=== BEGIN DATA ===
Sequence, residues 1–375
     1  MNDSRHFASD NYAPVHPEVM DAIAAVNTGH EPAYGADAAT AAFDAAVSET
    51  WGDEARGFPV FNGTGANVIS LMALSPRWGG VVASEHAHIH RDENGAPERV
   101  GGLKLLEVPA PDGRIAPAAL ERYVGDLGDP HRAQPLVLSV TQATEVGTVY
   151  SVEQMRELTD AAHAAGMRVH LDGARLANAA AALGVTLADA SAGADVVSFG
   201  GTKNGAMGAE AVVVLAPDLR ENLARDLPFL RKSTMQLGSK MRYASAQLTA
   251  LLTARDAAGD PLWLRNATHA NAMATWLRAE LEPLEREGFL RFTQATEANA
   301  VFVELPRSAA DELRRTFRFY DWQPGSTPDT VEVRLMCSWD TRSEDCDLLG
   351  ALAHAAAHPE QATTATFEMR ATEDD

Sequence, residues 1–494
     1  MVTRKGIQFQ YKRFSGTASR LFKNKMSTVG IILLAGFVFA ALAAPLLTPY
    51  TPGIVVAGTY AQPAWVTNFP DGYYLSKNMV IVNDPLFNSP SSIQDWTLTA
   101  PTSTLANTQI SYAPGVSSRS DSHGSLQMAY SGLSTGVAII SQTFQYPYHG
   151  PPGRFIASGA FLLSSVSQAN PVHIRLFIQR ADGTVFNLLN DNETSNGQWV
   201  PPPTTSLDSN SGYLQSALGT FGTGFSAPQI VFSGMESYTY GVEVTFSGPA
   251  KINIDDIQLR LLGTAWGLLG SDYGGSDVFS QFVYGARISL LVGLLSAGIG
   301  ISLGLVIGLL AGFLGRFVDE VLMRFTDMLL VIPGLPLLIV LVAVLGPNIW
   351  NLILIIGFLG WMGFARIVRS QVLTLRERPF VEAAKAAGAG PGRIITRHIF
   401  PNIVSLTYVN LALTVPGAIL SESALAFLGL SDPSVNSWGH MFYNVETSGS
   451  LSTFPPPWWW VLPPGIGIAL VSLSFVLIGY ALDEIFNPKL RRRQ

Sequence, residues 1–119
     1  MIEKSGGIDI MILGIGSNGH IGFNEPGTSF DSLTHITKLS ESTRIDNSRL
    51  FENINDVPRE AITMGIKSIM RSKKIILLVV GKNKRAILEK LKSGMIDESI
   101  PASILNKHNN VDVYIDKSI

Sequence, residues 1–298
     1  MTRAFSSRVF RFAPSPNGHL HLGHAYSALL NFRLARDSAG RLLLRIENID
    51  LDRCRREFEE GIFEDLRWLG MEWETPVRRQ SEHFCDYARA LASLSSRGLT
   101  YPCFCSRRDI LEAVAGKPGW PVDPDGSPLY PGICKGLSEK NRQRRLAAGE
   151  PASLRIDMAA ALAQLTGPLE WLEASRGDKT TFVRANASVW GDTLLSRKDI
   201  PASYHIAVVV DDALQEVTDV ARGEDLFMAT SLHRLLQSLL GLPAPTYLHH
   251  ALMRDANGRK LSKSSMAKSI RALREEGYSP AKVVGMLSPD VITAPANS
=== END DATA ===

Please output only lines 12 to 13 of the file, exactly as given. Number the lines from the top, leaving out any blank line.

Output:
    51  TPGIVVAGTY AQPAWVTNFP DGYYLSKNMV IVNDPLFNSP SSIQDWTLTA
   101  PTSTLANTQI SYAPGVSSRS DSHGSLQMAY SGLSTGVAII SQTFQYPYHG